JoAnne: Are you breaking up with me?

Dan: No!

JoAnne: Then why? Why can't I go?

Dan: I...

JoAnne: That's not an answer.

Dan: Uh...

JoAnne: Danny.

Dan: It's just...

JoAnne: Come on! Is it me?

Dan: No.

JoAnne: Is it your family?

Dan: No.

JoAnne: What is it?

Dan: Jo...

JoAnne: Dan!

Dan: I don't want you to go.

Jo takes a moment to catch her breath.

JoAnne: Thank you very much.

JoAnne starts to leave, but Dan stops her.

Dan: Wait. It isn't what you think.

JoAnne backs away from Dan.

JoAnne: Well, that's good because I was thinking that we weren't in a real relationship. We go out, spend time together, eat together- you know, a dating relationship.

Dan: We sleep together.

JoAnne: Yeah, that too. You don't even leave money on my nightstand, either.

Dan: What?!

JoAnne: I thought I meant something to you, Danny!

Dan: You do!

JoAnne: Am I such an embarrassment to you that you can't invite me to meet your parents?

Dan: No!

JoAnne: Then what is it?

Dan: I can't have you meet my family.

JoAnne: Rrrrrr!

JoAnne tries to leave again, but Dan grabs hold of her.

JoAnne: Let go.

Dan: Let me explain.

JoAnne: You've done enough explaining. Let me go.

Dan: No.

JoAnne swings her tool box and hits Dan with it. He releases her, and JoAnne leaves the office.

Dan recovers from his blow and chases after JoAnne through the newsroom.

Dan: Jo! Wait! We'll do something on Christmas!

JoAnne: You're working on Christmas, remember?!

Dan: After work. After work, we'll do something!

JoAnne: You idiot! After work, it's the next day. We can celebrate Boxing Day together!

Dan catches up with JoAnne at the other end of the newsroom. She whirls around and swings the tool box at Dan once again. Dan leans back and barely avoids the shot.

Dan: Don't do this, Jo. I really like you.

JoAnne: You sure have a funny way of showing it.

Dan: Let's go somewhere more private.

JoAnne: No.

Dan reaches out to JoAnne, but she slaps his hand away.

JoAnne: I don't want to talk to you right now. Maybe after I've calmed down a bit, but not right now.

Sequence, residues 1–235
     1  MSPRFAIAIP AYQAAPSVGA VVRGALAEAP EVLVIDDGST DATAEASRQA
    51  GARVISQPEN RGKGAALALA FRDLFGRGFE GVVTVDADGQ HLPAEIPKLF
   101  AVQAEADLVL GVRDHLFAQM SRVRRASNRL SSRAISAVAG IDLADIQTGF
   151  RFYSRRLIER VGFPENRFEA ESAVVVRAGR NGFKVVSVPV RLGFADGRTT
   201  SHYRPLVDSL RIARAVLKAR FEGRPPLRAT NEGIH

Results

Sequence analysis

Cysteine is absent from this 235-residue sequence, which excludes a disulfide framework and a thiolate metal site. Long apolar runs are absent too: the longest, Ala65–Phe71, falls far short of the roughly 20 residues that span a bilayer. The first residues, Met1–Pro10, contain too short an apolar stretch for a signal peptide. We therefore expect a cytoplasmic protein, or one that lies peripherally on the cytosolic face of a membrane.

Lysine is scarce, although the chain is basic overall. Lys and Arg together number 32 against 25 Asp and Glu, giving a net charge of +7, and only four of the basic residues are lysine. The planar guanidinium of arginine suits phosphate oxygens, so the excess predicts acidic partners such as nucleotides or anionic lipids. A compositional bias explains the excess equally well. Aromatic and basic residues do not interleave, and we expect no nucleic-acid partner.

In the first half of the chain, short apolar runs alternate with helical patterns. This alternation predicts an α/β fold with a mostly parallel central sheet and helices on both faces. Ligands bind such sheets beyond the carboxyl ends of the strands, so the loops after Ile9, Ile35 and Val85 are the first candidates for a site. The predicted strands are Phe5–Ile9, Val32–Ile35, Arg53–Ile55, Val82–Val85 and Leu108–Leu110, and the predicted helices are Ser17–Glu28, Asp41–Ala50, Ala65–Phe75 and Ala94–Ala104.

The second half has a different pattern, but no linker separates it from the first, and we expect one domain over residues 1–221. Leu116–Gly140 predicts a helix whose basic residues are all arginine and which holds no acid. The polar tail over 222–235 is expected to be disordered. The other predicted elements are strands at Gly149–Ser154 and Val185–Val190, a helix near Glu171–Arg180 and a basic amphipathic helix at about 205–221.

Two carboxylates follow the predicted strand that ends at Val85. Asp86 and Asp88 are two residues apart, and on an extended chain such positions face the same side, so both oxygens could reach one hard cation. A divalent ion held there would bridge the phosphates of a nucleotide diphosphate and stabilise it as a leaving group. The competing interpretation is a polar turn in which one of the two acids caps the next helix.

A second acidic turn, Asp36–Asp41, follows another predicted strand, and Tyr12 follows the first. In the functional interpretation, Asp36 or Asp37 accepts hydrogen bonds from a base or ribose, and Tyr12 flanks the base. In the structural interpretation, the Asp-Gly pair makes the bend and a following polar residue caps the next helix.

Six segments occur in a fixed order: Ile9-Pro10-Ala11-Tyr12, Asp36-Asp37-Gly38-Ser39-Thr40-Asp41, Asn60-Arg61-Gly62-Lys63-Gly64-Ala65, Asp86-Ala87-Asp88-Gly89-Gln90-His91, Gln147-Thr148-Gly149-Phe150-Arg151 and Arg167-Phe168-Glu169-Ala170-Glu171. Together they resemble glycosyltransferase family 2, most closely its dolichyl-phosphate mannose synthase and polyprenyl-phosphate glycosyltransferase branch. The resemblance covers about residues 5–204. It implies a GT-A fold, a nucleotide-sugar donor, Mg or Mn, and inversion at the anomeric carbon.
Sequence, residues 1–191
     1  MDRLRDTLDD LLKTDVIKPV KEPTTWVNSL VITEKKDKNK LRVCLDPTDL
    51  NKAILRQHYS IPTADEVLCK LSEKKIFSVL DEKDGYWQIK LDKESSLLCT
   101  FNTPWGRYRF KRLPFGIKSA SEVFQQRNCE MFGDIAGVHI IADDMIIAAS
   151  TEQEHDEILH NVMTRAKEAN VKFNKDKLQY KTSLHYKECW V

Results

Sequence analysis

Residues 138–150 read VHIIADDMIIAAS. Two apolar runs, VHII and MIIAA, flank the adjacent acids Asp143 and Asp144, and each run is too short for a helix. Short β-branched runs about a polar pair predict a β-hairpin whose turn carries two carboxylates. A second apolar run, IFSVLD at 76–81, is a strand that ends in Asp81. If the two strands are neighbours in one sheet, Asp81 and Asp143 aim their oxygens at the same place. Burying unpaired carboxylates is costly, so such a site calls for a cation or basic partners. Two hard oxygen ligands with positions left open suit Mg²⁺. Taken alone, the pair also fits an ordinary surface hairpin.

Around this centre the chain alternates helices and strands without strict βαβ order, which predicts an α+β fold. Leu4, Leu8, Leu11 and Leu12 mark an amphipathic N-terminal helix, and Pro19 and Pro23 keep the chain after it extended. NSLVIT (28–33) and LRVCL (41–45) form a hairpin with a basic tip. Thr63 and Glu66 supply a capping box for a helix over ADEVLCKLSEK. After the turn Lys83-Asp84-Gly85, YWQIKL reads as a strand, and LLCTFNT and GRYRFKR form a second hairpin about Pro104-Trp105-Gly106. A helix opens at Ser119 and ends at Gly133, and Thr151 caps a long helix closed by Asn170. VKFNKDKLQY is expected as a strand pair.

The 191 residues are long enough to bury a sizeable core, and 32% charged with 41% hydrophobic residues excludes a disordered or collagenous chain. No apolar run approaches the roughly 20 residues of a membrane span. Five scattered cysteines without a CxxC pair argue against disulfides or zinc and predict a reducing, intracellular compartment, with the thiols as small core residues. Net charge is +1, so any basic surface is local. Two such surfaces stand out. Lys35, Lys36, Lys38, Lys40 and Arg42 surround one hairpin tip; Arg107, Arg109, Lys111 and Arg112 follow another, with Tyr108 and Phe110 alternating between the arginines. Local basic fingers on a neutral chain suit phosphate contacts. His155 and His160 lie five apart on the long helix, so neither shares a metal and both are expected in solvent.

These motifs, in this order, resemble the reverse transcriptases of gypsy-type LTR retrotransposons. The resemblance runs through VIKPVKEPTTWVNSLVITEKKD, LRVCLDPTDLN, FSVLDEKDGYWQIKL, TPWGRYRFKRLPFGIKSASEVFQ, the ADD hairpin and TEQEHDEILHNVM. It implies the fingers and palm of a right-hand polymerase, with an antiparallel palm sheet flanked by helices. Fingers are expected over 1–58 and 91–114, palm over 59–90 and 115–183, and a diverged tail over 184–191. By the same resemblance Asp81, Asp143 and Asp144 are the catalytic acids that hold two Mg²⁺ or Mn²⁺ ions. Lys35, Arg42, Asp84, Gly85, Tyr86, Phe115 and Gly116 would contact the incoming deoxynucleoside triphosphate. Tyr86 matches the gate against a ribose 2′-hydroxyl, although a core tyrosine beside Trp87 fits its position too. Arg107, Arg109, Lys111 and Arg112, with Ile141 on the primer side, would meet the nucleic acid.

Dan: Okay, okay.

JoAnne: Not right now.

Dan: I got it.

Dan watches JoAnne storm through the studio. He shakes his head as he walks back through the newsroom. He notices many eyes staring at him.

Dan: What?! Back to work, people!


Dan and Abby are back in her office. Abby is writing some notes down.

Abby: So you didn't tell your girlfriend of your plans?

Dan: I hadn't made plans.

Abby: You were going to see your family.

Dan: If I got the time off. There's no use in telling people things which have not materialized, yet.

Abby: But you didn't tell her about the possibility.

Dan: Christmas is a slow day. There's three maybe four events, tops. We do mostly positive, heart-warming segments on Christmas anyway. I would only have to work a few hours to get the job done. It isn't like I would be spending the whole day away from her.

Abby: But you were excluding her from your family.

Dan: Yeah, I guess.

Abby: Why is that?

Dan: I didn't think it was that important.

Abby: It was important to her.

Dan: I figured that out once the tool box hit me.

Abby: We need to explore this, Dan.

Dan: I still had a good trip. You want to hear about my trip?

Abby: You had a good trip. You also have issues here.

Dan: So we can't talk about what I want to talk about?

Abby: We need to talk about your problems.

Dan: But I had a good trip.

Abby: Fine. You had a good trip. Let's hear about your trip.

Dan: Good.

Abby puts down her note pad and pen. She folds her hands and prepares to listen to Dan.

Dan: You're not writing anything down.

Abby: I don't need to write everything down.

Dan: This is about my family.

Abby: I know.

Dan: You always like to talk about my parents and analyze our relationships. You always have your pen scribbling away, and you're telling me how I need to improve, explore, and develop my relationships with my parents.

Abby: Yes.

Dan: This is a breakthrough.

Abby: If I find it important, I'll write it down. If there are clues to what is causing your pain, I'll write it down.

Dan: I don't think you're going to write anything.

Abby: I can't write anything if you don't begin telling me your story.

Dan: Okay. Ready?

Abby: I'm all ears.

Dan pauses and looks at Abby.

Dan: Could you at least hold your pen and paper and be prepared to write something?

Abby: Would it make you feel better?

Dan: Yes.

Abby: How about I keep it resting on my lap?

Abby sets her pad on her lap and sets her pen on top of the pad.

Abby: There.

Dan: Now you're not going to miss anything?

Abby: Start your story, Dan.

Dan: Okay. Wait a second.

Dan reaches into the candy dish and pulls out a few more peppermints.